Arthritis & Rheumatism, Volume 63,
November 2011 Abstract Supplement

Abstracts of the American College of
Rheumatology/Association of Rheumatology Health Professionals
Annual Scientific Meeting
Chicago, Illinois November 4-9, 2011.


The Influence of Age of Onset of Systemic Lupus Erythematosus and Disease Duration on Lupus Manifestations.

Ghanim1,  Nayef Al, Su2,  Jiandong, Aghdassi3,  Ellie, Lou1,  Wendy, Fortin4,  Paul R.

University of Toronto, Toronto, ON
The Toronto Western Hospital, Toronto, ON
University Health Network, Toronto, ON
Toronto Western Hospital, Toronto, ON

Background/Purpose:

To investigate the influence of age of Systemic Lupus Erythematosus (SLE) onset and disease duration on the SLICC damage index (SDI).

Methods:

Patients were identified from a single large lupus registry if they met four of the American College of Rheumatology classification criteria or 3 criteria and lupus histology on skin or kidney tissue. Patients were divided into two groups based on age of onset at diagnosis of SLE with Early onset (EOS) defined as those with SLE diagnosis between the ages 18 and 47 and Late onset SLE (LOS) at age 48 and more. We limited this study to an inception cohort defined as all those entered into the registry within one year of SLE diagnosis. Data on demographics, age at enrollment, SDI items and total score were collected. Chi-square tests were used to compare categorical variables. SLICC items were summarized by organ systems and then converted to a binary variable (0= negative, 1= score of 1 or more). The total SLICC scores in the two groups were compared using Wilcoxon Rank Sum test.

Results:

Our sample included 653 patients with 514 EOS and 139 LOS. The majority of patients were female in both groups (88.1% in EOS vs. 82.0% in LOS; p=0.058). Caucasians were represented more in LOS (82.0% in LOS vs 69.9% in EOS; p=0.005). At 5 years follow-up, LOS patients were more likely to have cardiovascular manifestations (18% in LOS vs 6% in EOS. p=0.005). At 10 years follow-up, LOS patients have higher rate of ocular (28.9% vs 13.2%. p=0.01) and cardiovascular manifestations (23.7% vs 7.9%. p=0.005). There was no statistically significant difference in renal manifestations. Total mean SDI score was 1 in both groups at 5 and 10 years follow-up (p=NS). Comparing SDI manifestations over time (at the fifth versus the tenth year), EOS developed significantly more damage at the tenth year in ocular (9.8% vs 15.2%, respectively; p=0.01), cardiovascular (7.1% vs 10.7%; p=0.04), musculoskeletal (17% vs 26.8%; p=0.0009) and dermatological (3.6% vs 8%; p=0.02) organ systems. Similarly, LOS developed significantly more damage at the tenth year in musculoskeletal (9.1% vs 27.3%; p=0.04). In both groups, the total SLICC score increased from 0 to 1 over ten years (p=0.0005) and as expected, patients with longer follow-up have higher SLICC scores.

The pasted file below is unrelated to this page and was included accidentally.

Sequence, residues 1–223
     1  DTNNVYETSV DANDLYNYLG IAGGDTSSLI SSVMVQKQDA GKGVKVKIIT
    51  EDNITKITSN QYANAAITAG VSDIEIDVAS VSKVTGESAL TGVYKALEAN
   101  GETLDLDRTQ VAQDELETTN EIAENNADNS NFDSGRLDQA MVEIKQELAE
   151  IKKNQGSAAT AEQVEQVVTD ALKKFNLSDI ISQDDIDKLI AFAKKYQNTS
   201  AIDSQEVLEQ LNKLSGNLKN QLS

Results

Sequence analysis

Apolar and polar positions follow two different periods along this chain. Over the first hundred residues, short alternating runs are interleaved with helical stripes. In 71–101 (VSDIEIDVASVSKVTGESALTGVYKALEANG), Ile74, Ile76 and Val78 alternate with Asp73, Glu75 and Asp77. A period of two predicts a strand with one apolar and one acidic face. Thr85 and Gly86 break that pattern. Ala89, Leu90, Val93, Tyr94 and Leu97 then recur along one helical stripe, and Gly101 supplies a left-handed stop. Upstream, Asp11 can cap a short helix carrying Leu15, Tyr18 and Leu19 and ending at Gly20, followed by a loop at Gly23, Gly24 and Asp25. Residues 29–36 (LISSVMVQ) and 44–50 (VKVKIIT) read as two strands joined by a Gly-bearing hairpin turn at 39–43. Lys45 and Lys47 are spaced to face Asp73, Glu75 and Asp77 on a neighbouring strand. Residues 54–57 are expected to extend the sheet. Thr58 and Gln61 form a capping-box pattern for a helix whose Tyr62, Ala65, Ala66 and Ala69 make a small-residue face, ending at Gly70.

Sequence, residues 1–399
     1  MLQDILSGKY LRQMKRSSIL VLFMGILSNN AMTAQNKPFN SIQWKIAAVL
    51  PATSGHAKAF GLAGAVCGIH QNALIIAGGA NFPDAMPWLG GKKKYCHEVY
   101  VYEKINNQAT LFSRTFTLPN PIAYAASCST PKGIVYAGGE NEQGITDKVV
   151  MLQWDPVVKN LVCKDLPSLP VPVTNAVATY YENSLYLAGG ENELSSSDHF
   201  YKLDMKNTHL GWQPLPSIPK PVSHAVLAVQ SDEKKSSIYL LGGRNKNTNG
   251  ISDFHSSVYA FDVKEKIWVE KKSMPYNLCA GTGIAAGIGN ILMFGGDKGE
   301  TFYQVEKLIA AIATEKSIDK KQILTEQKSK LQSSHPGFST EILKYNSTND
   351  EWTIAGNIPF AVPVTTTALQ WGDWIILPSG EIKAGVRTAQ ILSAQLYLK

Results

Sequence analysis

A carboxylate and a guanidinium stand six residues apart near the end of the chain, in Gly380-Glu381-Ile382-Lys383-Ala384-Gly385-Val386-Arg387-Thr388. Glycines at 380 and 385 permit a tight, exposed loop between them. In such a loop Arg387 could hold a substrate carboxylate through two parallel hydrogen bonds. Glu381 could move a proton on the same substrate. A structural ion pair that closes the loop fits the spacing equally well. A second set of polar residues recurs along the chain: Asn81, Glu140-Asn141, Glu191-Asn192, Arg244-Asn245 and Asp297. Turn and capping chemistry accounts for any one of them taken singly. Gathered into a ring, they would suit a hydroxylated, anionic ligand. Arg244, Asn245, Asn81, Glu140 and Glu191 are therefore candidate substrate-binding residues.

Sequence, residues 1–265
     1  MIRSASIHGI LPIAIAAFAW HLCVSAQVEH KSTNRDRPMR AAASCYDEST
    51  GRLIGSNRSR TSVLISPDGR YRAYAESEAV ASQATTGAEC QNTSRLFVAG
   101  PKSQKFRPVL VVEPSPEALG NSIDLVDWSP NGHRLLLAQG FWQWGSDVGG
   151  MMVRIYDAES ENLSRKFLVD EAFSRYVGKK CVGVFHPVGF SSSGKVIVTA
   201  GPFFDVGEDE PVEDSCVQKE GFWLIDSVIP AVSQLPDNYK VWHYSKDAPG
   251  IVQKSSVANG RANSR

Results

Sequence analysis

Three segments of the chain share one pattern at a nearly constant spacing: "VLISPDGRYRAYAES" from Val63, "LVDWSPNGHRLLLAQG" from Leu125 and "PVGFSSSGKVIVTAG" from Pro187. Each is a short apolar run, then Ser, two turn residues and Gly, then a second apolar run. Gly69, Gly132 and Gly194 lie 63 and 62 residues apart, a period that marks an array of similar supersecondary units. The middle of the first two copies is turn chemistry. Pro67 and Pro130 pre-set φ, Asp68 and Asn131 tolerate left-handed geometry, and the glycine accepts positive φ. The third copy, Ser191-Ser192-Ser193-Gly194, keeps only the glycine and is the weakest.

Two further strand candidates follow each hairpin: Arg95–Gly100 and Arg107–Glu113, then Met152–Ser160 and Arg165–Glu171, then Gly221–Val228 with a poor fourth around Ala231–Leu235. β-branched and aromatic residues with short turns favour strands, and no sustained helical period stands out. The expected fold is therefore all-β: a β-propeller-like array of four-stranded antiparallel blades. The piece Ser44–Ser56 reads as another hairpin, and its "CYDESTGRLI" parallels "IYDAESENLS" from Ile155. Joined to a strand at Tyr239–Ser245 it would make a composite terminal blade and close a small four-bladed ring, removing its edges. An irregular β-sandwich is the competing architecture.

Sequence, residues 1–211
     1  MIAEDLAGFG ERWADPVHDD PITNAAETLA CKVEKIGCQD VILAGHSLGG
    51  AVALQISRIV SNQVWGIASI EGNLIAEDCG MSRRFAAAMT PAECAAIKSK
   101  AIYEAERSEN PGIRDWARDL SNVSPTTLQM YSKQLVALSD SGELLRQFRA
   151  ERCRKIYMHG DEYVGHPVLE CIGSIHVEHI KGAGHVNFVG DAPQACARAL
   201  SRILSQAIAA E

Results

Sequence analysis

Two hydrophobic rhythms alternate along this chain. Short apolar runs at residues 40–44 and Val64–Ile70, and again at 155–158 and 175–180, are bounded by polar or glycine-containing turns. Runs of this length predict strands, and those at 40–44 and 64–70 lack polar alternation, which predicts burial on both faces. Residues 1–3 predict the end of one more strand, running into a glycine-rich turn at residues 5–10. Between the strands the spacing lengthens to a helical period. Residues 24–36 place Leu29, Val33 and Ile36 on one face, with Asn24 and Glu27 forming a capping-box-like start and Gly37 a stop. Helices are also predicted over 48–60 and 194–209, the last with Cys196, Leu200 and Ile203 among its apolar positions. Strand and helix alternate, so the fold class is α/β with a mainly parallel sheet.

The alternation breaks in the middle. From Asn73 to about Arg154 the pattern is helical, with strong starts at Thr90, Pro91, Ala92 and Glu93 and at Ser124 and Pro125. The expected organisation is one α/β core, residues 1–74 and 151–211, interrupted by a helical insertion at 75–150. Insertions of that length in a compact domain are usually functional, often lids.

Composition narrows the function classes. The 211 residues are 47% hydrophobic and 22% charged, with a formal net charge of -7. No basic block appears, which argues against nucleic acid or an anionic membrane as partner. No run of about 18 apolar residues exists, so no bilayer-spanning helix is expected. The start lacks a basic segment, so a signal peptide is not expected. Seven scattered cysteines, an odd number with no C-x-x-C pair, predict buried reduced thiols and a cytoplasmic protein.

Conclusion:

SLE damage reflects age of SLE onset diagnosis and disease duration.

To cite this abstract, please use the following information:
Ghanim, Nayef Al, Su, Jiandong, Aghdassi, Ellie, Lou, Wendy, Fortin, Paul R.; The Influence of Age of Onset of Systemic Lupus Erythematosus and Disease Duration on Lupus Manifestations. [abstract]. Arthritis Rheum 2011;63 Suppl 10 :2303
DOI:

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